craft, luggers among them. It certainly makes It pic
turesque to my eye, adding variety of color to bright
sea and coast scenes. Sometimos the canvas is even
a deep orange color ; and if I were a tailmaker I
should be tempted to try the effect of alternate stripes
of the brown and the orange.
In sloops Oil the beach stood Den playing coronets,
or otherwise attracting the notice of parsers to the
fact that the " Lady Mary," or the "Prince " some
body would take anyone for a sail at one o'clock for
a shilling. Small boats with awnings were pushing
off with gay parties, the donlteys were waiting for ri
ders, the oyster dealers stood to ery their wares, and
the cbildreu were digging in the sand with cunning
wooden spades. The sand, tl suppose It really is
shingle.) was of a pale straw color, the ocean was
blue, the day was perfect, and so fascinating was the
clear, white-capped water, and the bright scene of
shifting color, aod variety of motion and sound at its
edge, that the attractions of the aquarium seemed
Among the most interesting news by the
last mail, a cre several letters from Stanley,
published iu the New York Herald. They are
quite lengthy, but very interesting. A refe
rence to a map in cither of the late works on
Central Africa, will enable the reader to un
derstand the following summary of what he
1 1-1 1 x, , . -
accompiisucu. His explorations in equa- ; ik.iT t0 u postponed sometime. Men were hauling
torial Africa have thus far been crowned with j up heavy, black ctaft out of the water by the wind
very remarkable success. In point of health ' lass, sailors and fishermen were busy with ropet and
and strength, in securing the friendly offices of oats, and old -captains sat watching the work and
the native tribes and keeping on the good side j ecntine ,niP od"" " t'nongh they longed to boa
Of the netrv r-iiieftnina rclio c-rlvr .hoitnrl Part of il ,U once
among the Nile lakes, and in supplying himself I
with provisions, he has been very fortunate.
J udging from his letters, indeed, there is every
Report of the Kartreon of the t neca-
Hcsou tr. November SOth, 1875.
To tie fttsslsst of (A V".rit' Hmpiut :
GsatrrLSEMRV. I hare the honor to eabmit the fol
lowing report for the quarter ending Norember 30th :
The total number of patients at present ia the hos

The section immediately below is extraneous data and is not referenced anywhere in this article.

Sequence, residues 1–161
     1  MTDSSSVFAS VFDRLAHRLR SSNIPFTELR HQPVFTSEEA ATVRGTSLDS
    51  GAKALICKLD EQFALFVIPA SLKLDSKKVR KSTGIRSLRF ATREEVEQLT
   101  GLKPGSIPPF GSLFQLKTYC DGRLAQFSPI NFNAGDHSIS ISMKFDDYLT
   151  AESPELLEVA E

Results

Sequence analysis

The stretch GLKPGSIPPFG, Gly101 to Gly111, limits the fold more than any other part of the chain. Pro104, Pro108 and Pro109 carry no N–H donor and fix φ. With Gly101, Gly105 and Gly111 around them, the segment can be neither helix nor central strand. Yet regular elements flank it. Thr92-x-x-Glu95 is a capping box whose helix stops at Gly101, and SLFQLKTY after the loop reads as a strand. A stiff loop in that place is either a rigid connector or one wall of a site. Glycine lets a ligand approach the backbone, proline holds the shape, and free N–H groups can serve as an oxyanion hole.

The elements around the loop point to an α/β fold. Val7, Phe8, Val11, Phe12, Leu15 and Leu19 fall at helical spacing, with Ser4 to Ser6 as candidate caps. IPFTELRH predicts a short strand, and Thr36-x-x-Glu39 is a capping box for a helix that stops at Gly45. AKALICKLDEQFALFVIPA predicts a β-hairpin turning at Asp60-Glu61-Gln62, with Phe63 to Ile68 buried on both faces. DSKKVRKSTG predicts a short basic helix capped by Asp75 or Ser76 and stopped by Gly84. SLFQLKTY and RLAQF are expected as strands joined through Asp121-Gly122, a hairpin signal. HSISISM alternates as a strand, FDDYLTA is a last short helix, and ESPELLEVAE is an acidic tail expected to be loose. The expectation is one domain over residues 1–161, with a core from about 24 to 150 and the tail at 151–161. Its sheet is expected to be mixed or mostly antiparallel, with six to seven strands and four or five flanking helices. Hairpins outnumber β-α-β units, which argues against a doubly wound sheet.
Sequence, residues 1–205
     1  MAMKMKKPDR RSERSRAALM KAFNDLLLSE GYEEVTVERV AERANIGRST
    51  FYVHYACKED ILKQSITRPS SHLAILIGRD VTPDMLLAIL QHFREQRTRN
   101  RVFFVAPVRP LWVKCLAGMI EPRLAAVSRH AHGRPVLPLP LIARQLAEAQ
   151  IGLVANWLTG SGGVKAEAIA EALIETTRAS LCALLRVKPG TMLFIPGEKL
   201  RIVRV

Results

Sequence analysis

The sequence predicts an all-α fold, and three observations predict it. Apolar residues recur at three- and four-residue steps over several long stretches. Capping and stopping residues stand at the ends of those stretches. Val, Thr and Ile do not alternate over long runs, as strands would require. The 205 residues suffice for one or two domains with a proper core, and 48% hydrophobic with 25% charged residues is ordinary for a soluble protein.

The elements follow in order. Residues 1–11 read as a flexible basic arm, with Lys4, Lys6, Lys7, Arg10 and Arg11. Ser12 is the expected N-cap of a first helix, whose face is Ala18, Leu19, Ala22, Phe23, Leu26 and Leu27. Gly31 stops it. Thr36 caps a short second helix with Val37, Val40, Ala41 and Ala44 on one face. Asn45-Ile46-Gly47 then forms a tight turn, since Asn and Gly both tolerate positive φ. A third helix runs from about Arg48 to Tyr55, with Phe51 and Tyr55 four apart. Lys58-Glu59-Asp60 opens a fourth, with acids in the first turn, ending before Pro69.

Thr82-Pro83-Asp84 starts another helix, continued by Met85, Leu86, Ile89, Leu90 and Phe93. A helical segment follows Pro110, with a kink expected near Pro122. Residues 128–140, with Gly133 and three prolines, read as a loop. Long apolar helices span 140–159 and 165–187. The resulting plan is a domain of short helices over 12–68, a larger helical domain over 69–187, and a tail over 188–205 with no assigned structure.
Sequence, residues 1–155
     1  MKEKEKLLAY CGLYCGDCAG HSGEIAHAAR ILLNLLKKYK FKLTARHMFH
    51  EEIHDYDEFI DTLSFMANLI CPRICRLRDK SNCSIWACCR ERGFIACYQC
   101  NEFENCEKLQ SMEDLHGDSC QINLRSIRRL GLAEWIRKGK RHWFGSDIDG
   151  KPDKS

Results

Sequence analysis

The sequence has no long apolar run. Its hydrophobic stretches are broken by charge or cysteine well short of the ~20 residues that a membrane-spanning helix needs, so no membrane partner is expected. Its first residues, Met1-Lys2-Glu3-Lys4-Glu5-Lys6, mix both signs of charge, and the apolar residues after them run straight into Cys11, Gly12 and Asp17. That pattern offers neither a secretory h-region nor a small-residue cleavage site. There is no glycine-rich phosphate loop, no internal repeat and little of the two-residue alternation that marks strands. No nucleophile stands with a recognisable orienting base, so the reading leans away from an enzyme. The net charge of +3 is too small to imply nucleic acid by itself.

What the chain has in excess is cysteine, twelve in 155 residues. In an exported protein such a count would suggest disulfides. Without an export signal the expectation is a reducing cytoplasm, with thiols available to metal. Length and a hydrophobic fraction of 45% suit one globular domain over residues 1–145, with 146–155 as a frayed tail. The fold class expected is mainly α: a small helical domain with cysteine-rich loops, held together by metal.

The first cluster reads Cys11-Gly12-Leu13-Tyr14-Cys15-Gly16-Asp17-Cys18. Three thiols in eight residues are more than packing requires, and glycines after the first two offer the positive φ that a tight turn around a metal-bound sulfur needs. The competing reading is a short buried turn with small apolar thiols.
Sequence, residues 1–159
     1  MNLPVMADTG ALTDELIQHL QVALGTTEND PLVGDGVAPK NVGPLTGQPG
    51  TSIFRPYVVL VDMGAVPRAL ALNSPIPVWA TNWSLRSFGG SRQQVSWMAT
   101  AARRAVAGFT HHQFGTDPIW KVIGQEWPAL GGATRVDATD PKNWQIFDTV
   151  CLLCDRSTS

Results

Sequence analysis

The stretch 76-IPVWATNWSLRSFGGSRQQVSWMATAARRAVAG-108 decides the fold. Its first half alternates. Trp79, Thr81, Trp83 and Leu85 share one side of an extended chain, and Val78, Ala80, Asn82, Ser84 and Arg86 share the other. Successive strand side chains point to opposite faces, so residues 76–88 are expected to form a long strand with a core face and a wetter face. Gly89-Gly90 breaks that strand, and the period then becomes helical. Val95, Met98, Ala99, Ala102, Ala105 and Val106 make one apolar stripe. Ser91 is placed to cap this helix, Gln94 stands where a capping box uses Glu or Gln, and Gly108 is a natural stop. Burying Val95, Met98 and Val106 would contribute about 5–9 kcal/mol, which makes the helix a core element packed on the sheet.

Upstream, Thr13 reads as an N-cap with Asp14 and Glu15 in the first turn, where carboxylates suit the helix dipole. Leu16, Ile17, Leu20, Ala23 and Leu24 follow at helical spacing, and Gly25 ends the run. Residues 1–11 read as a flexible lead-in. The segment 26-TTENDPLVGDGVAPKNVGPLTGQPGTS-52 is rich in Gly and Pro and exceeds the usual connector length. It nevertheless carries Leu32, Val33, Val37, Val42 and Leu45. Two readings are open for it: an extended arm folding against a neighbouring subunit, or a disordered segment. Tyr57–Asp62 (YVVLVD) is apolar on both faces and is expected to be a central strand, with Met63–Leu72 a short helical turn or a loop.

pital is C5 ; rtz : 56 Hawaiians, 30 males and 26 fe
males, and 9 foreigners (5 paying.) The number of
admission! daring this period at 76 : tit : 5 Hawaii
ans, So" malar and 21 females, and 1 V foreigners. Dis
charged 91 : via : M Hawaiians, 36 males, and 39 fe
males, and 25 foreigners. Deaths 8; vh : 7 Hawaii
ans, 4 males and 3 females, and 1 foreigner ; 2 fever,
1 erysipelas. 2 general debility, 2 pulmonary con
sumption, and 1 accident.
Betides the above, 132 new names hare been en
tered in (be dispensary books. The greatest number
of iu-door patients was 83, the smallest C5. Daily
average during tbe quarter, 80 ; dispensary, 6 ; num
ber o snaeeriptions, 5,0t9.
Bit if rr 'C-Qj- submitted.
Roan McEiaatr Ja..
Surgeon to the Queen's Hospital.
Thk incoming mail from San Francisco will
doubtless bring the President's message in full,
published in the dailies of the day on which
the steamer sails. Regarding it, a Washing
ton special says :
"It la now certain that three topics, at least, will
be largely dwelt uon by the President in bis com
in:: message to Congress. These three topics will
embrace the public school qncetion. Ihe finance,
and tba condition of Affairs iu Cuba. Senator Mor
ton, who bas been in the city for the last week or
to. Is responsible iu a large degree for the Presi
dent's assuming . position upon the school question
in tbe coming message. He bas been persuading
the President Ibat be wast assume tbe position of
Gladstone iu Enghind and Bismarck in Germany and
come oat ag&lnat tbe growing demand4 of Catholi
cism.. There is but one thing to be said about the
President's Cuban policy, and this can be said by
the highest authority, lie will not talk of war or
the possibility o! war in bis message, but will urge
strongly tbe justice ofrecogutziug tbe rights of the
belligerent Cubans. He has made up bis mind that
be will carry his point in tins regard witb the aid of
Congress il he can, and if not without its aid. In
the absence ol Congres4 the Constitution gives tim
the power to act. He fhoposes, however, to give
Congress one more opportunity to take tbe respon
sibility upon its shoulders. Upon financial subjects
tbe President will endeavor to show by the lato
elections, that tbe Republican party ia tbe only par
ty that believes in a sound currency, and therefore.
tbe only one with which it is safe to trust tbe affairs
ot tbe country. On three points the auti-Catholic,
the advocacy oflhe rights of the .oppressed in Cuba,